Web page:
Ocean Conservancy in Murky Waters
I have a lot of respect for the Ocean Conservancy. They’re one of the largest or maybe the largest protectors of mother ocean. Therefore I can only wonder…did the staffers at the Ocean Conservancy realize that, in their Fall 2006 issue of Blue Planet magazine, they were jumping into a muddy, questionable situation?
I’m referring, of course, to their article on iron fertilization . As you regular readers may recall, last July I published an analysis showing pretty convincingly that the iron fertilization debate has been driven to an unusual extent by personal bias and politics, not by a rational scientific approach. There has been an unseemly amount of fallacious arguments, spin tactics, and pushing of personal agendas. Thus a technology with great promise, potentially beneficial to the health of millions of human beings, and the planet, has not gotten the quality of examination it deserves.
That’s how it appears in any case, and there has been enough emails from other scientists to confirm that I’m not the only one who sees it that way!
As a net result, the ocean science community has taken an extremely negative view – far more negative, far too prematurely, than seems warranted by the sparse data collected so far. And now a leading environmental group has been recruited to this same negative position.
One claim is that involvement of commercial ventures is an invitation to abuse. Nonsense. Many types of ecological restoration are done by private companies, consultants, or engineering firms in every facet of the environmental field, from reforestation to wetlands restoration to toxic cleanup. Commercial involvement is nothing new, nothing unusual. Yet in this case, it seems that commercial ventures have been used as a “bogeyman”, to induce panic and to short-circuit the normal process of scientific discussion.
If handled properly , iron fertilization has potential to be good for the ecosystem. But that isn’t the story we read in Blue Planet. Instead we read such gems as this:
Others see it more simply. “The ocean has been proposed as a dumping ground of last resort for all sorts of human waste—everything from nuclear wastes to household trash—based on the idea that the ocean can absorb anything. Ocean fertilization is just another form of waste disposal,” noted Mark Powell, an oceanographer and Director of Fish Conservation at The Ocean Conservancy. “Let’s not trade the hell we know for the one we don’t.”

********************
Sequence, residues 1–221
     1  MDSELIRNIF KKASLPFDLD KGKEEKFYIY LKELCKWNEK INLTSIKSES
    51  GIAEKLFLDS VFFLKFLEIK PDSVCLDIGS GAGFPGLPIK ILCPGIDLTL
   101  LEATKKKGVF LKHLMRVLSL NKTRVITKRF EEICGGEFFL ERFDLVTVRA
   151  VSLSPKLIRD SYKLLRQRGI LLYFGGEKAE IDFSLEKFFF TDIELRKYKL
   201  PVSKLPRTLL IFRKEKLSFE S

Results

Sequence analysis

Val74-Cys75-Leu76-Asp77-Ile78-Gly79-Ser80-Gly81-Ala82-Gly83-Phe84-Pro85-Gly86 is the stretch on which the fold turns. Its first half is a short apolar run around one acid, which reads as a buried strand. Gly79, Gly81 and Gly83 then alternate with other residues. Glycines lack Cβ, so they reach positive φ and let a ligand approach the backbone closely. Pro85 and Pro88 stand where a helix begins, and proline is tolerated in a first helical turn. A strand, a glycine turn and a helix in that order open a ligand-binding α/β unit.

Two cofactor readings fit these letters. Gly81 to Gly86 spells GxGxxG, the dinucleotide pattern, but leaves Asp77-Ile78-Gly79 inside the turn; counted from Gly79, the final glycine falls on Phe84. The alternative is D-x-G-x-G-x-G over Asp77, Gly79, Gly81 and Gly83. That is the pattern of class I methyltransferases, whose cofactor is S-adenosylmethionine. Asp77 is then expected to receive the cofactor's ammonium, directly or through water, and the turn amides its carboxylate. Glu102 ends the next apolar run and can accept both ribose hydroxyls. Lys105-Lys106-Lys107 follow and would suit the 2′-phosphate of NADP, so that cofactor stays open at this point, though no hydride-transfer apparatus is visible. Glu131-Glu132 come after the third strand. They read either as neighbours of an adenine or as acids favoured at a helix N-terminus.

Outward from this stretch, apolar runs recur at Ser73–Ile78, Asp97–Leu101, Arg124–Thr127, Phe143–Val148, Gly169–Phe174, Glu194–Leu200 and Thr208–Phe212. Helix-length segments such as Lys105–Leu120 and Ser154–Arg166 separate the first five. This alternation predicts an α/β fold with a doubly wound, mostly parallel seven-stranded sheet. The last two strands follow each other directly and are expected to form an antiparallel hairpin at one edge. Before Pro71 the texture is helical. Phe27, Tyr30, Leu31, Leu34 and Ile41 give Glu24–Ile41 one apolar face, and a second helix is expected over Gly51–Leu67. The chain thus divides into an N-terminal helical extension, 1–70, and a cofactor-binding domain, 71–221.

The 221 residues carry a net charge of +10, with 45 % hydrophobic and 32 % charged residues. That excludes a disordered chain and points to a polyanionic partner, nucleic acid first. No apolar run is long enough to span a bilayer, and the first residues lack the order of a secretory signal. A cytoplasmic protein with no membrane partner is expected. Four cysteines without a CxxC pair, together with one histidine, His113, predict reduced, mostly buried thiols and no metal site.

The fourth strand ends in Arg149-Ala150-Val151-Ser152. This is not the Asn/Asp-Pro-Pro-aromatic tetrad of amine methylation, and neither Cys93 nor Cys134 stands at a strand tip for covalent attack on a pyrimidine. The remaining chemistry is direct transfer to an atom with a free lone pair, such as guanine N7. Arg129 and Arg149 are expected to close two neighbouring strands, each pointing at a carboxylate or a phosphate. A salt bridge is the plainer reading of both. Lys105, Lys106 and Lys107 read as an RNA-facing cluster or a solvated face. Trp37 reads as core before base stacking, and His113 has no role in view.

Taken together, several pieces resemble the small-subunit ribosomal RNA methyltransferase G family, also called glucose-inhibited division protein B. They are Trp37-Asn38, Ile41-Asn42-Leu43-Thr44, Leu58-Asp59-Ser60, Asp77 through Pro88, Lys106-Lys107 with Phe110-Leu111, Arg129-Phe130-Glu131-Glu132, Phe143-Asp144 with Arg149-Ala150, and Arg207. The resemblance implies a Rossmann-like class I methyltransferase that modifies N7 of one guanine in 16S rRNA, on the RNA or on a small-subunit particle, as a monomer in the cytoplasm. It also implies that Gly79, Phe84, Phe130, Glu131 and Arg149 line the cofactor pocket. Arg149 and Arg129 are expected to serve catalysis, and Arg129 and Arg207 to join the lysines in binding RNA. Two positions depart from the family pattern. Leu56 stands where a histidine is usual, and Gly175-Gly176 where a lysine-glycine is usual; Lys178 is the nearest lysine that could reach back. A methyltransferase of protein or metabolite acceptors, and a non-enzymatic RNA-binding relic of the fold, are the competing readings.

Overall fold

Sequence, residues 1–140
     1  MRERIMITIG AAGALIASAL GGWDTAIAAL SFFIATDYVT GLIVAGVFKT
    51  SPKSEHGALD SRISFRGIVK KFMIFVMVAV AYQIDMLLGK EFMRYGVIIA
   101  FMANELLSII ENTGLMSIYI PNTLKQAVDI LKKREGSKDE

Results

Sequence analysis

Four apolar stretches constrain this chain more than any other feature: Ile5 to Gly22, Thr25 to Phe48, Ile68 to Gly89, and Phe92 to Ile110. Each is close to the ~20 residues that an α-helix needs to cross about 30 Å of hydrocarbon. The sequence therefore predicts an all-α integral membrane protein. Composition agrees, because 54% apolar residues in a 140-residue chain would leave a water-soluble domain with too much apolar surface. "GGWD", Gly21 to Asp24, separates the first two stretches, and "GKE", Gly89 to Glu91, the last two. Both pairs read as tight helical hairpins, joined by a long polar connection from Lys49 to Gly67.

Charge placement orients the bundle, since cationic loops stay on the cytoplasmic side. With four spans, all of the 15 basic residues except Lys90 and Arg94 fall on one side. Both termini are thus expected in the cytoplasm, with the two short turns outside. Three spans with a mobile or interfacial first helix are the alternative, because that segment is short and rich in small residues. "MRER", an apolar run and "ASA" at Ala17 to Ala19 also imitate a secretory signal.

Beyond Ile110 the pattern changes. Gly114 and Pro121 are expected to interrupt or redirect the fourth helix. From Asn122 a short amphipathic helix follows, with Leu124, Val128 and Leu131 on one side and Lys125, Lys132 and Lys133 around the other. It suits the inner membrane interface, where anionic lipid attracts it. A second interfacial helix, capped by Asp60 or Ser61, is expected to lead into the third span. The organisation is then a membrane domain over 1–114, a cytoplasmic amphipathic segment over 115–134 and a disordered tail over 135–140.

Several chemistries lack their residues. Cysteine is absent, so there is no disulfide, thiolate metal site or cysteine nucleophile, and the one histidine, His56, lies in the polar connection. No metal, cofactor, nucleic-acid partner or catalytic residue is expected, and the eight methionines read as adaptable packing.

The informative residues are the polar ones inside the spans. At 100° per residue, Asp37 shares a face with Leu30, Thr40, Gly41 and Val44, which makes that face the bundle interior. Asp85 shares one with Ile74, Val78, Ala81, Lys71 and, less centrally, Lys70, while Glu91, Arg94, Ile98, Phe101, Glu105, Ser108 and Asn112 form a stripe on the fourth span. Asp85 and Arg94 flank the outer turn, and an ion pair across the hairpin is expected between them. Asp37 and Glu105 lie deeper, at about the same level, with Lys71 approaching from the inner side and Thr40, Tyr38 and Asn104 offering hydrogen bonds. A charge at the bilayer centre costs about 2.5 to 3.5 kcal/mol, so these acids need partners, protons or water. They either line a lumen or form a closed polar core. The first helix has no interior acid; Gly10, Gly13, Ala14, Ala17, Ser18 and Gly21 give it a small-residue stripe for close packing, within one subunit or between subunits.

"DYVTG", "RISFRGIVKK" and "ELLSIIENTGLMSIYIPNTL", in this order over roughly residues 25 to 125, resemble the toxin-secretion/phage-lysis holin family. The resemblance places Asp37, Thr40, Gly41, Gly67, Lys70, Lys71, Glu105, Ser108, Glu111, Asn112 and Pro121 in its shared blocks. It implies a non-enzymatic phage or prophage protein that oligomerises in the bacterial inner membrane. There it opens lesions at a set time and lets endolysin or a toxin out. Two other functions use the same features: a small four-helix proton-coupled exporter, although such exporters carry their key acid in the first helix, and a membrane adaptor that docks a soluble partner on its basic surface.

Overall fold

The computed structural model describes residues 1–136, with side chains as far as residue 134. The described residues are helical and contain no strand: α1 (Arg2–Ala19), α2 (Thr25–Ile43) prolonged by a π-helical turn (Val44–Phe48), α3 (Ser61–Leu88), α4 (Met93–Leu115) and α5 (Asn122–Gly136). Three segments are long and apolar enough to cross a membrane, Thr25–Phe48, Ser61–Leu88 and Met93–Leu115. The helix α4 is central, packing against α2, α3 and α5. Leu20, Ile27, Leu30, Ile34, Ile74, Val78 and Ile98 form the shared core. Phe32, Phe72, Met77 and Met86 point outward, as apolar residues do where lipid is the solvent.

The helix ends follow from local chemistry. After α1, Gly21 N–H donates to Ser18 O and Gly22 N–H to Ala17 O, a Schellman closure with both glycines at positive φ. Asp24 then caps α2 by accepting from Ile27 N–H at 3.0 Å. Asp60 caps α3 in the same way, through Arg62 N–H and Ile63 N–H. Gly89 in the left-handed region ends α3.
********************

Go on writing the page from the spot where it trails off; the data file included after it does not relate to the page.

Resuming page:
Now folks, this quote is just plain fallacious. There is no better way to describe it. Iron fertilization is a technique in which tiny trace amounts of a natural plant food—an iron supplement—is added to the water to restore normal levels of minerals, so that ocean plants can grow. As a side product, these plants absorb carbon dioxide, in a process that is absolutely natural to the oceans.
It’s the equivalent of adding a small layer of topsoil to help grow trees over a restored strip-mine, or adding some nutrients to help a marsh overcome some toxic spill. Imagine adding a single drop of liquid plant food to a 50 gallon aquarium, to help the plants grow.
Iron fertilization is a technique which, if done properly, might restore the health of the ocean commons and help restore ocean fish populations. Yet here is the Ocean Conservancy calling it “dumping” – painting a emotional picture of ecological villains who dump oil out of tankers or barrels of toxic waste. It’s an abuse of the English language and of the hearts and minds of green citizens.
Do we “know” that iron fertilization could help the oceans? No, we don’t know this for sure, and if the anti-irons have their way, we’ll NEVER know, because nobody will ever even try. That is the tragedy of pushing fear tactics in place of a more rational, reasoned scientific debate.
The worst part is…the world of green citizens probably won’t catch this. How could they know that much of this story is questionable? Reading the article, trusting the source, they will reactive reflexively, negatively, and next time some ocean scientist tries to propose this solution to help the ocean, that scientist will get shouted down. Thus the scientific method is undercut by creeping, insidious negativity.
And then, 50 years from now, when the coral is dead, the whales and major fish populations have starved, and the waters of the deep ocean are devoid of life, when our grandchildren ask us “Did you look for creative solutions to prevent this”? What will we say? “Well sorry kids, but actually we had a possible solution but we didn’t follow it up because there were a few people yelling about it, who managed to inflame people’s fears, and we didn’t want to challenge them.” Can you imagine saying that to your grandchildren, as you gaze across the dying seas?
I can’t, and I hope I don't have to.
PS. Don't be surprised if there is more discussion of this. Iron fertilization is now part of a worldwide debate over global warming and fish depletion. Billions of dollars and millions of lives at stake. You can be sure that if a potential cure has been bypassed, the public and the decision-makers will want to know about it.
Prior links on this subject:
First Annual Ranking of Top 3 Carbon Sequestration Technologies
Open Letter to the Marine Science Community: Has Personal Bias Derailed Science?
10 Years ago, Iron Fertilization Battle Lines Already Drawn
Note 11/17 -- edited to remove excess commentary